Actually in the past when i've winterized with antifreeze, I've always drained it again - draining the antifreeze out. Essentially thinking that if there was something left inside after the drain it would be antifreeze and it would be fine if it would freeze. It concerned me a bit to think though that a trace of water would separate and still could cause an issue.

I think its really purely hypothetical though - chances of any discernable amount of water being left after a full cycle of antifreeze would be very small.

Also it has taken a while to bring the engine upto op. temp to ensure the thermostat is open - since i've learned that its simplest to just remove the thermostat and cycle through the antifreeze without the tstat in place.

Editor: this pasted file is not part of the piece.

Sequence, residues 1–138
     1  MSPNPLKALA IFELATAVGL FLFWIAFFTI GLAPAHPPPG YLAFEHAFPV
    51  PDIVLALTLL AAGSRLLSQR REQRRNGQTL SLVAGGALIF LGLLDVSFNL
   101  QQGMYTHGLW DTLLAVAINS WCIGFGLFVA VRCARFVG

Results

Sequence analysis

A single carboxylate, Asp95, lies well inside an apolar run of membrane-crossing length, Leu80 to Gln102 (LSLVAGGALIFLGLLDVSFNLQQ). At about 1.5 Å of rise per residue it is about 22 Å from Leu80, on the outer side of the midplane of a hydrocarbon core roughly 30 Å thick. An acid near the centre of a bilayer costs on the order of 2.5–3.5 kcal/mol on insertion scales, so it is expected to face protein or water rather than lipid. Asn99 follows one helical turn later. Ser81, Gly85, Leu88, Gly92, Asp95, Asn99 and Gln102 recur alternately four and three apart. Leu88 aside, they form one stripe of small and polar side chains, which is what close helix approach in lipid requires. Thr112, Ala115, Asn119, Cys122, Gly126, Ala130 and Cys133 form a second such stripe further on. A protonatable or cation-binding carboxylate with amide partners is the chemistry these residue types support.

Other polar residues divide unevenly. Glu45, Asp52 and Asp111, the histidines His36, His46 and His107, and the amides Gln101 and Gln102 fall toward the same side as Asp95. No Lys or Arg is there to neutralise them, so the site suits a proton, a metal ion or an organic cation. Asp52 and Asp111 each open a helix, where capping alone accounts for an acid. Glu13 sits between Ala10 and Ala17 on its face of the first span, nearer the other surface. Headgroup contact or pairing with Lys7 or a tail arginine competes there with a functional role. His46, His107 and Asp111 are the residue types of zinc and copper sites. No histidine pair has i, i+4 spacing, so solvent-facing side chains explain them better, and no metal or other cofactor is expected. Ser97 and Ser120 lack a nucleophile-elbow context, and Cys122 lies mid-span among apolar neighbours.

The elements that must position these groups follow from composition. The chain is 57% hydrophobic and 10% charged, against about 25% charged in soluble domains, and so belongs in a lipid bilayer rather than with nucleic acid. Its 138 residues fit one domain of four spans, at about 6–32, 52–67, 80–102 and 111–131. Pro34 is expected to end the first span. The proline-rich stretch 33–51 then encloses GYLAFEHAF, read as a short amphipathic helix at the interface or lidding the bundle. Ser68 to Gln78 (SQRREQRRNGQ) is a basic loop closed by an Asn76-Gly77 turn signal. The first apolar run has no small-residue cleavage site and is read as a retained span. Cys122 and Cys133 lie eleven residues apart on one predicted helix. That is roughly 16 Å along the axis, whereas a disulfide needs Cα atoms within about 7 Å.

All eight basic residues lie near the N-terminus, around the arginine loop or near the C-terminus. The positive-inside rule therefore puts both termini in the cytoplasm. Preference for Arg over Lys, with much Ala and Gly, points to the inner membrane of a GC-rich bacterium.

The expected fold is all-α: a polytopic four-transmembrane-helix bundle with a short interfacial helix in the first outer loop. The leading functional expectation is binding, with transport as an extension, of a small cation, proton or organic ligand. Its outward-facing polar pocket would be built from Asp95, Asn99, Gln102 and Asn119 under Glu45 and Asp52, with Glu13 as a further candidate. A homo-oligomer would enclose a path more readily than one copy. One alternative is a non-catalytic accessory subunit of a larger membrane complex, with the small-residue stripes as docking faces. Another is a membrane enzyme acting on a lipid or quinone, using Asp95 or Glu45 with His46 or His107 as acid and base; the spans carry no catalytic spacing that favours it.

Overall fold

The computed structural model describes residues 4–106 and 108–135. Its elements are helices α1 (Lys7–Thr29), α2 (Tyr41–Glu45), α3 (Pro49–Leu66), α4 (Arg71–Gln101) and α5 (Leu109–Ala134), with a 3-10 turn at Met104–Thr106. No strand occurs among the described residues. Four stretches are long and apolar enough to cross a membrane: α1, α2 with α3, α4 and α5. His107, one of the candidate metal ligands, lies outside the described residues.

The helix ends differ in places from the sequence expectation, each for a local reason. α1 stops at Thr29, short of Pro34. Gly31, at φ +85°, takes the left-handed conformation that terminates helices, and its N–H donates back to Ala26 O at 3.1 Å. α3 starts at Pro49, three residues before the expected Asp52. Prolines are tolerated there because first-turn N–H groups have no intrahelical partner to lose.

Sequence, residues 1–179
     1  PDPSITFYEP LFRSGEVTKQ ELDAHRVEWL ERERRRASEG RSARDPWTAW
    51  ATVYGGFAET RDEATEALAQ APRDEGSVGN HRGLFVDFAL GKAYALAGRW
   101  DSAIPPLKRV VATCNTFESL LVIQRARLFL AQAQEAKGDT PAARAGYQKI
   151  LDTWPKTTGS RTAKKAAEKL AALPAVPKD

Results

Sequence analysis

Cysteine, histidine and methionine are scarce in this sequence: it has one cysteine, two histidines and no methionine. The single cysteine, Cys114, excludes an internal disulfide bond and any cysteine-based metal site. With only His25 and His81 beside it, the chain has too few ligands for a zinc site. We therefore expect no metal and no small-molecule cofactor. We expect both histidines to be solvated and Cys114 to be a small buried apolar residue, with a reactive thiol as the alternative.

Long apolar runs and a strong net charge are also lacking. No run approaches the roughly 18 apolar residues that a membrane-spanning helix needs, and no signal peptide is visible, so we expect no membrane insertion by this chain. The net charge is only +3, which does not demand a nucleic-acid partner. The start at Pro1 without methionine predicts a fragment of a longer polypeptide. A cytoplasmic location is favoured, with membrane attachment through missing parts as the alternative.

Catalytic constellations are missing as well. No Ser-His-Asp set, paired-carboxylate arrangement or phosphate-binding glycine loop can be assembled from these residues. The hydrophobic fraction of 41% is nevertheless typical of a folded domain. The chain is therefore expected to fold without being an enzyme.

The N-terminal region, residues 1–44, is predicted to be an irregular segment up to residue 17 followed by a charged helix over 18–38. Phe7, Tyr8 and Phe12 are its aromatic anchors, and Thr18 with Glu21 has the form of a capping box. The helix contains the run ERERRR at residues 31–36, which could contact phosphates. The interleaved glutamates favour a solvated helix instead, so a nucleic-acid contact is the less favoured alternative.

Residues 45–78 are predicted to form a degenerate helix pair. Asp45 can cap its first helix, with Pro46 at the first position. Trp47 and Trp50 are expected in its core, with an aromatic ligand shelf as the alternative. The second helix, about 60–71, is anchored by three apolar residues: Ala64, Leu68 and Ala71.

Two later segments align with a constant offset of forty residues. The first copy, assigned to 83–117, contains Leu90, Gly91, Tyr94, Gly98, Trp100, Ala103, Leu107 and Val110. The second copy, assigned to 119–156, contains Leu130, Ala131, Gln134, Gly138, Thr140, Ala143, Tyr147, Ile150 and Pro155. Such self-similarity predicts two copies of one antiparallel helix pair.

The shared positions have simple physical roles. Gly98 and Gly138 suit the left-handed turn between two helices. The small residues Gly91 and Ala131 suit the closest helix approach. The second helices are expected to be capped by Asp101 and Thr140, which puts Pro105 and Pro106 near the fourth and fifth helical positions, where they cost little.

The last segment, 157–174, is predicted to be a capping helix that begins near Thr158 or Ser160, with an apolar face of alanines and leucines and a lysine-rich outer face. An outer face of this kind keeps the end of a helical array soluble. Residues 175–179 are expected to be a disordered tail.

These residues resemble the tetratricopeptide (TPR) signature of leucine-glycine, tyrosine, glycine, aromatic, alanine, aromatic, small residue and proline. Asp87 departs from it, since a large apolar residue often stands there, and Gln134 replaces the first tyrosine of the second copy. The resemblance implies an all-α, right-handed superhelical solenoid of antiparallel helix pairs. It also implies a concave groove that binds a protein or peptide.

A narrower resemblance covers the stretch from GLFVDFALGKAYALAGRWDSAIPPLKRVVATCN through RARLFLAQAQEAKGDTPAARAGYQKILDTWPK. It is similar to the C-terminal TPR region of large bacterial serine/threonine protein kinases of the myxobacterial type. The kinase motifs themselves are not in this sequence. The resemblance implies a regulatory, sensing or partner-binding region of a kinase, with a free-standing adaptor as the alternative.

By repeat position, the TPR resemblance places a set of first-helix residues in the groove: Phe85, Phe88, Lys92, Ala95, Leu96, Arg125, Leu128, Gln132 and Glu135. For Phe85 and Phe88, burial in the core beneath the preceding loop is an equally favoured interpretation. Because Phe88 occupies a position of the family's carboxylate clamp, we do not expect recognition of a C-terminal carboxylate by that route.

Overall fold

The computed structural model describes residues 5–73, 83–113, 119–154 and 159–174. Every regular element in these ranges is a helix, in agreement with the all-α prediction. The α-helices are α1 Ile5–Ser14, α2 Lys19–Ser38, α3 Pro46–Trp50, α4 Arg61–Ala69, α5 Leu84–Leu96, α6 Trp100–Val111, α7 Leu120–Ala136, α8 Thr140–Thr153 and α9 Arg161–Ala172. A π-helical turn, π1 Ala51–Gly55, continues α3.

After all that I think next year I'll go back to the flush with antifreeze and drain approach. Not really any longer and perhaps a bit of extra insurance, possibly...

Cheers!

Link to comment

Also it has taken a while to bring the engine upto op. temp to ensure the thermostat is open - since i've learned that its simplest to just remove the thermostat and cycle through the antifreeze without the tstat in place.

run it on the hose up to operating temp of 160. cut it off and immediately and quickly turn the water off. Engine temps will spike to 170-175 or so from the built up heat....put your cutoff hose into the AF jugs and fire it up. Tstat should be wide open at anything over 160.

I saw guys doing this on a dock boat lift....bringing it up to 160, then quickly lift the boat out of the water to suck the AF thru the engine. terrible for the lake.

Link to comment